Gabe Howard: Eighteen years ago, you helped start the Inspiring Children Foundation and Never Broken Program, which, and I’m reading directly from the literature here, has been empowering children struggling with financial hardship, anxiety, depression and suicidal ideation ever since by giving them the ultimate environment to survive and then thrive at the highest levels. Can you tell our listeners more about what the ultimate environment is?
Jewel: Mm-hmm, yeah. You know, when I moved out when I was 15, it was very plain to me that I should become a statistic. And I realized that as much as I had a genetic inheritance that gave me a predisposition toward certain physical ailments, let’s say diabetes. There was also an emotional inheritance that had been passed on generationally, and it led to abuse and addiction. It led to rage. And so I knew that statistically, I should end up repeating the cycles that I was raised by. And I didn’t want to be a statistic. But it was daunting because I knew I had already learned this emotional language and it was a billion probably unidentifiable touch points. Just like a language is so large and pervasive. And you could go to school to learn Spanish or French, but unless you went to school to learn those languages, you would speak English. Same with an emotional language. I knew I would speak the emotional language I was taught if I didn’t learn another one. You can’t just abstain, right?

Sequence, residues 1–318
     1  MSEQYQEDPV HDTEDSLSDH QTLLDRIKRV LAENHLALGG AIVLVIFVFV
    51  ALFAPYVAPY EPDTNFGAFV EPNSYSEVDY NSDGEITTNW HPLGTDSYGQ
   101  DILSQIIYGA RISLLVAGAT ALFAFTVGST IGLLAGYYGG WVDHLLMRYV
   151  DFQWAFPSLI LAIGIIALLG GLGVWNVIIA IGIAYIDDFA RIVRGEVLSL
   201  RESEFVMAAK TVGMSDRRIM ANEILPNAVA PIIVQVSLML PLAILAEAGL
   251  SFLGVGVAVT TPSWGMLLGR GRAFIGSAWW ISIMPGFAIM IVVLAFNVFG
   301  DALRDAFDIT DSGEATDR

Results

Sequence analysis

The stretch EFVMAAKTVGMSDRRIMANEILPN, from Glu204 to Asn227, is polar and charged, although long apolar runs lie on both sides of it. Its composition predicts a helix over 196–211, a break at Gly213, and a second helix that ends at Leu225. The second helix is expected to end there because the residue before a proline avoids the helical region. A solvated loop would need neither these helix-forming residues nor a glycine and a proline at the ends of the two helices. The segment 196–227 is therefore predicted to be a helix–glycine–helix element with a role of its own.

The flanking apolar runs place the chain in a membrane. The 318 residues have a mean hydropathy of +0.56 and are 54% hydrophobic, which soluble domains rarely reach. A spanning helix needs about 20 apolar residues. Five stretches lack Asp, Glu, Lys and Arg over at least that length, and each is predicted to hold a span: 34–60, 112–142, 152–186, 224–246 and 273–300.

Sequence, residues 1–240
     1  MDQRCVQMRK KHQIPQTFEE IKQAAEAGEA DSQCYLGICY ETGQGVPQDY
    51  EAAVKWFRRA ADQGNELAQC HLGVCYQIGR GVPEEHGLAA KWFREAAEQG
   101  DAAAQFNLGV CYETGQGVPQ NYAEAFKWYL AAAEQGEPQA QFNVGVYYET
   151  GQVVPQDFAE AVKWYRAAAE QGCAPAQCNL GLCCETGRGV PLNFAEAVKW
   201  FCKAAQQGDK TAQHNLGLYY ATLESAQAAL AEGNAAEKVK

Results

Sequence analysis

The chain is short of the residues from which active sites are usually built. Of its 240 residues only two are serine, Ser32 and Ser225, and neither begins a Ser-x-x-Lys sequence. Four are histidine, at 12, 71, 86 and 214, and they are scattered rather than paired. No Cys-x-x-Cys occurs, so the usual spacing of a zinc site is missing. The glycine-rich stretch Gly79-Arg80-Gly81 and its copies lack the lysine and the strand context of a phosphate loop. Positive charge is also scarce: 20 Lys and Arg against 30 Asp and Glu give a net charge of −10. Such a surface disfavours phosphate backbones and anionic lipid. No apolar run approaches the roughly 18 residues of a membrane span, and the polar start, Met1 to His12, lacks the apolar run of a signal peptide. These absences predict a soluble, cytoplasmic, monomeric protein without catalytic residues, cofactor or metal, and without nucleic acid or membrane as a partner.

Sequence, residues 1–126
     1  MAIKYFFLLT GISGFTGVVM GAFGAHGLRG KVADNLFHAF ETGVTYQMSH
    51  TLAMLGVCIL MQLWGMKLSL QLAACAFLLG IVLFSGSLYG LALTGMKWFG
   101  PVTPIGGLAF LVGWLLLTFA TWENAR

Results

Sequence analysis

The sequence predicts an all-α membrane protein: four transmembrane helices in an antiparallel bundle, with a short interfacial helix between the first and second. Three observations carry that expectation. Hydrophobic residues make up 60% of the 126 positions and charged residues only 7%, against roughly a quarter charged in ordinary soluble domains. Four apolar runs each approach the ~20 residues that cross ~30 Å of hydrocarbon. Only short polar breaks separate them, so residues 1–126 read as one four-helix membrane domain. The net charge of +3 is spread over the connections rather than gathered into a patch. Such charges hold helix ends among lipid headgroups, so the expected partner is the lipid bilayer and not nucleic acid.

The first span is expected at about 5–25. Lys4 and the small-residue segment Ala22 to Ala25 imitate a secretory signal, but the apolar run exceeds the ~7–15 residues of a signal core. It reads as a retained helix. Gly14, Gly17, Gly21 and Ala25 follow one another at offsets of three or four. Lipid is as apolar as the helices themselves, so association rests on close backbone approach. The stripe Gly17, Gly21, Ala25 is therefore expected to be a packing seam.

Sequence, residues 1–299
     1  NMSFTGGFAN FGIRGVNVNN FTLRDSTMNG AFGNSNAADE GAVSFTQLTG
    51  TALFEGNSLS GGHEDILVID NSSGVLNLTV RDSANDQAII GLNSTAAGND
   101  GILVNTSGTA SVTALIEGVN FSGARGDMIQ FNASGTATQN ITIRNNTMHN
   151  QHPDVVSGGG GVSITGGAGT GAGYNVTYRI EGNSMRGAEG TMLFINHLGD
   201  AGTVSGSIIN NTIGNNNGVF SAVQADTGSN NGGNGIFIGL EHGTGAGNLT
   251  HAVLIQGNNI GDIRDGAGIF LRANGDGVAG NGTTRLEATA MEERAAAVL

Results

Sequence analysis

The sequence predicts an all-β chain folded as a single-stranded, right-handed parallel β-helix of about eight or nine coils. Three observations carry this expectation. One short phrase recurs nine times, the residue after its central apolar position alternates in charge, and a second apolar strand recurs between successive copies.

Jewel: And so it set me off on this really lifelong journey that is culminated now in the work that I do. But it basically is learning how to rewire yourself neurologically and develop practices that help you starve old behaviors and build new behaviors. And it really worked for me and I wanted to see if it could work for other kids in similar situations where, you know, I didn’t have a therapist, I didn’t have a support group, I didn’t even have a family. So where kids like me, just that’s it. You’re done. There’s no help. You’re never going to get happier than you are now. That’s unacceptable. It’s just an unacceptable thing. And so I started to develop this curriculum and pedagogy that worked for me and help other kids. And so we work with at risk youth with suicidal ideation, anxiety disorders, eating disorders, self-harming, real wide variety.